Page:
Long, winding road leads Nats back to playoffs

September 25th, 2019

WASHINGTON -- Once they had done their part, securing a 6-5 win over the Phillies, the Nationals gathered near the mound to watch their fate unfold. The video board in center field quickly switched to the final moments of the ninth inning between the Cubs and Pirates, and the Nats watched along with the 22,214 fans who remained at Nationals Park on Tuesday night, in anticipation of a celebration that had been building for weeks throughout this roller-coaster season.

The Washington Nationals are going back to the postseason. They clinched a playoff spot on Tuesday, the first Wild Card berth in franchise history, and their fifth trip to the postseason in the past eight years. To do so, they overcame a disastrous start, a bullpen that at times was even worse, injuries, questions about the future of their team and manager and so much more doubt that they would ever arrive at this point.

Once Kyle Schwarber grounded out to seal another loss for the Cubs, the Nationals were headed back to the clubhouse to begin a celebration that also seemed part cathartic.

They threw beer and champagne around the room and on each other without a care in the world. Aníbal Sánchez blew a whistle as he led a conga line around the clubhouse. They chanted “M-V-P, M-V-P” as they circled and drenched him in beer. When “Baby Shark” blared through the speakers, the oldest team in baseball worked itself into a frenzy.

“I think everybody in this clubhouse envisioned this exact thing right here,” said shortstop , whose go-ahead grand slam in the sixth inning paved the way for the victory. “We talked about it when we were 19-31, we talked about how we were going to laugh at everybody else outside of this clubhouse for everything that they said about us. And we are here now.”

Only nine teams in MLB history have come back from 12 games under .500 to make the postseason, according to the Elias Sports Bureau, and the 2019 Nationals are one of them.

It’s remarkable considering where they were on May 23, an unequivocal mess 50 games into the season. They were the biggest disappointment in baseball after being swept out of Citi Field by the Mets in four games. The summer in D.C. seemed like it would carry more questions than answers. Speculation swirled about the fate of their stars (Could they trade Rendon? Would they consider moving Max Scherzer?), and manager Dave Martinez’s job status seemed tenuous.

“It would’ve been way too easy for us to just pack it in and call it a season in May,” Stephen Strasburg said. “But we're not those type of guys in here.”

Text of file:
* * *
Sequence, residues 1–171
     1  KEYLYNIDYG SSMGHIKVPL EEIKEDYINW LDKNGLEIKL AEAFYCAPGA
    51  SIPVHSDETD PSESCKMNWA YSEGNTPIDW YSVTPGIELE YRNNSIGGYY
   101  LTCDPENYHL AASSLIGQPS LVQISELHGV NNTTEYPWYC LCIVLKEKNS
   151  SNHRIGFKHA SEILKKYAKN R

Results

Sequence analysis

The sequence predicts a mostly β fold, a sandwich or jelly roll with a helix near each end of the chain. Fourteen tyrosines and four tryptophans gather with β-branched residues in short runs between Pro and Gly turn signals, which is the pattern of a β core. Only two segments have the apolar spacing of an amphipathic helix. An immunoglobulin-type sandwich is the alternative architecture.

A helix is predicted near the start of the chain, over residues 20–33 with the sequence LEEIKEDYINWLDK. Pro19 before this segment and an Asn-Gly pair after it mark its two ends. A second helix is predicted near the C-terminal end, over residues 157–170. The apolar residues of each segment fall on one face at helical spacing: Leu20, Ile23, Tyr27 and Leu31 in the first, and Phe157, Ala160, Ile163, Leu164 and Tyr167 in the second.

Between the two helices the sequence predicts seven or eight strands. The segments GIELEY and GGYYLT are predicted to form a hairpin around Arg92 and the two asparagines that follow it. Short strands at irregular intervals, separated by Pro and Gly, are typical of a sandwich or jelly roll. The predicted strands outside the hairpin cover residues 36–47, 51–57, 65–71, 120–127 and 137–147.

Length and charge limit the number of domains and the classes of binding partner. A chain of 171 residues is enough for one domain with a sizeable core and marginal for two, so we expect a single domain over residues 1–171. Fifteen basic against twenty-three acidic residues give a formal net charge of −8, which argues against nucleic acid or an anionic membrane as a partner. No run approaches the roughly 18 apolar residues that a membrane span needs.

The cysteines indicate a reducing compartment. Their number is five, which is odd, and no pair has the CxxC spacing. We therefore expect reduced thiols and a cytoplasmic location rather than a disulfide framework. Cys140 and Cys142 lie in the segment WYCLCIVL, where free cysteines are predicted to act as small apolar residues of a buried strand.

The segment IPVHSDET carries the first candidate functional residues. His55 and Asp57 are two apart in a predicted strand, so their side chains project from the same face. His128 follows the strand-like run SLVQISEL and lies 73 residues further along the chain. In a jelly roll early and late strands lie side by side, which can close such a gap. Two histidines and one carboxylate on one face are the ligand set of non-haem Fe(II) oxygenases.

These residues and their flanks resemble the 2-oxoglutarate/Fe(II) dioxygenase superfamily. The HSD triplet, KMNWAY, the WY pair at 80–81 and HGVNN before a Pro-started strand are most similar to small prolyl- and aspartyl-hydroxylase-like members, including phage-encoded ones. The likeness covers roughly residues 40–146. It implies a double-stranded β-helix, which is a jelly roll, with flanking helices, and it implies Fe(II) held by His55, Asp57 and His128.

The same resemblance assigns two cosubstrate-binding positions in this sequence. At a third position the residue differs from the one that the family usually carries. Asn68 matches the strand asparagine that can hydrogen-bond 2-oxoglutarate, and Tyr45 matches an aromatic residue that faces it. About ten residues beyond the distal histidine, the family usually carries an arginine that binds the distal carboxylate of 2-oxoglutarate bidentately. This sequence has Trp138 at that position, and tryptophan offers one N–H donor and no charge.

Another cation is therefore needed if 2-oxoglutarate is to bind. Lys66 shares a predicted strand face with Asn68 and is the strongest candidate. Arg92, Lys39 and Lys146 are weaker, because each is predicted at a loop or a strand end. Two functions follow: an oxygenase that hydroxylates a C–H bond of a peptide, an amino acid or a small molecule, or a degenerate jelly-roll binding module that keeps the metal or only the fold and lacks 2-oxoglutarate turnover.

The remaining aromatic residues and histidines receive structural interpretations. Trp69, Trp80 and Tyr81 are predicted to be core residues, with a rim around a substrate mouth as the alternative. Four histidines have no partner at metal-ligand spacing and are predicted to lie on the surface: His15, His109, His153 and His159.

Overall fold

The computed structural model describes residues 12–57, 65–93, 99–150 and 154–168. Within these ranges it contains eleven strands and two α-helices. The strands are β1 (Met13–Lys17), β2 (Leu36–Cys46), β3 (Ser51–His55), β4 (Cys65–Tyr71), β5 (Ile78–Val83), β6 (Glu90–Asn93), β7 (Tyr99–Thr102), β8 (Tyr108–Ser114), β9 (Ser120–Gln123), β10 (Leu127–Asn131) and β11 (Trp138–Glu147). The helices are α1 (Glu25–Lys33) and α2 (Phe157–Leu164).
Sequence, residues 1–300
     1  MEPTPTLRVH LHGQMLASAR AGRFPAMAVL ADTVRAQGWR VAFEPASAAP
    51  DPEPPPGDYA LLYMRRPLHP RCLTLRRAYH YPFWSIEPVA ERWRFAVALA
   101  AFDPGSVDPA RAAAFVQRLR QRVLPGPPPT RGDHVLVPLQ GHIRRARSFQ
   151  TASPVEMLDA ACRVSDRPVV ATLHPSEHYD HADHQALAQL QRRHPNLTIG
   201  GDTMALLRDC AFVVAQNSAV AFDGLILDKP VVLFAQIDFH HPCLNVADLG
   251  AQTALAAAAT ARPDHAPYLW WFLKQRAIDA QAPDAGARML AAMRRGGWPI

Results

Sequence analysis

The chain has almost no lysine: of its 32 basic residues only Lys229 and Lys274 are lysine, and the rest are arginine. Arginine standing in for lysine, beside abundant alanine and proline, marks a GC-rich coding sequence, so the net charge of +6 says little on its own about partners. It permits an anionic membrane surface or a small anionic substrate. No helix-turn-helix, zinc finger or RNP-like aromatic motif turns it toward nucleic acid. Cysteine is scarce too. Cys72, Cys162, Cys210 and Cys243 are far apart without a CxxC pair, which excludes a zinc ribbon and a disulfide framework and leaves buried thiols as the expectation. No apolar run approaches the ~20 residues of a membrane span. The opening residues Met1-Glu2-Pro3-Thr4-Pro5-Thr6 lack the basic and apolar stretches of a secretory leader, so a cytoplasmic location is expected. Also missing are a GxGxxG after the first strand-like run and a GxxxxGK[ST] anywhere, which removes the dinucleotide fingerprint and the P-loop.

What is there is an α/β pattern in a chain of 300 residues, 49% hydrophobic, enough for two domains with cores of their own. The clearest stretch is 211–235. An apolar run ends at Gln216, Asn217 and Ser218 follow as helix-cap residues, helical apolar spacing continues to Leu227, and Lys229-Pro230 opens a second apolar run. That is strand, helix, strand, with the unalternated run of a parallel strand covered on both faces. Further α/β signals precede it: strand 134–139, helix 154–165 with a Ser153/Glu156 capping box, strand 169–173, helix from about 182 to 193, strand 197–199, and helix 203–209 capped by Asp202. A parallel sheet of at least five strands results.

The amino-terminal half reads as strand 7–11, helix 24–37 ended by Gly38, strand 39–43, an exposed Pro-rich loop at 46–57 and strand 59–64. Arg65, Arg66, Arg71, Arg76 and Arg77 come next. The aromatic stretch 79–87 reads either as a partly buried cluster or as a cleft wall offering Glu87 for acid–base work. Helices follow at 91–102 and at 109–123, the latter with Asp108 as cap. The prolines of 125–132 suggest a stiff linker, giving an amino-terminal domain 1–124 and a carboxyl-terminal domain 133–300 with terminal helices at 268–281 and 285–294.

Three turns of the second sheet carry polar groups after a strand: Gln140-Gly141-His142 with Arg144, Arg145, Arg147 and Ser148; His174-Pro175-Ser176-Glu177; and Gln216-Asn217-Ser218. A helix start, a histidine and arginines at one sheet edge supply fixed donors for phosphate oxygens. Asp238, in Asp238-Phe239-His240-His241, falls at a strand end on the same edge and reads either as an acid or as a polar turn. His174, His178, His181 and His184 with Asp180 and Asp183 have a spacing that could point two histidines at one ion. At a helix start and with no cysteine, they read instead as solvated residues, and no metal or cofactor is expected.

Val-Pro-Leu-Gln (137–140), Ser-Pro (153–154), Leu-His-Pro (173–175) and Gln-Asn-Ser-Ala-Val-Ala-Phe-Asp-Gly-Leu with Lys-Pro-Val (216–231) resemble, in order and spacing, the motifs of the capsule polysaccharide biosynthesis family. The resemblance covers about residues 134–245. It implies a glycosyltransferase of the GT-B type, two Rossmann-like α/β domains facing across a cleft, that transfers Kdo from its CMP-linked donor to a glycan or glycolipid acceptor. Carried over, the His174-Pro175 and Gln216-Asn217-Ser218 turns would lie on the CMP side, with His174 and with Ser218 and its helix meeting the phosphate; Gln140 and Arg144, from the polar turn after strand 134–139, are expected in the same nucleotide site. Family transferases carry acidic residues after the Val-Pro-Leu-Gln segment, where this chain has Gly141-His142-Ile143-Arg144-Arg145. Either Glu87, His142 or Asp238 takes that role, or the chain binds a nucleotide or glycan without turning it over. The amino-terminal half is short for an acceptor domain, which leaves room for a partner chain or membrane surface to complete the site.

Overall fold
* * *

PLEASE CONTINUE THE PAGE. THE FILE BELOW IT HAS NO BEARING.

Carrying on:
And then, somewhat remarkably, the Nationals just started winning. And they kept on winning. And winning. For three months, they were the best team in baseball, rattling off the best 80-game stretch in club history (54-26) to climb out of that early hole and position themselves for the postseason.

“Because we're good,” Scherzer said. “We're good. We're a good freakin' team. And we can play with anybody in this league.”

The Nats do not know their opponent or the location for the National League Wild Card Game just yet, but it will almost certainly be the Brewers, who reduced their own magic number to one Tuesday night. Washington currently owns a one-game advantage over Milwaukee for the top Wild Card slot and the right to host that winner-take-all game.

This is a route Washington has never traveled to reach the postseason. The Nats won the NL East in each of their previous four trips to October, but the slow start doomed their chances to ever really threaten the Braves for the division title this season.

Now that the Nationals are officially headed back to October, they are poised to be one of the most dangerous teams in the field, as long as they can win the NL Wild Card Game and reach the NL Division Series. They have overcome adversity at every turn, played nearly flawless ball for months to even get here. And now they are in, with a pitching staff of Scherzer, Strasburg and Patrick Corbin, and a lineup stuffed with Rendon, Turner and Juan Soto.

“We talked earlier about baseball, how difficult it is to make the postseason,” Sean Doolittle said. “And over a long season with everything that we went through as a group, I don't know, it feels so much sweeter. The last time we did this when I was traded here in ’17. I think we did it in the first week of September. But this -- I don’t know, this feels so much better after everything that we've been through.”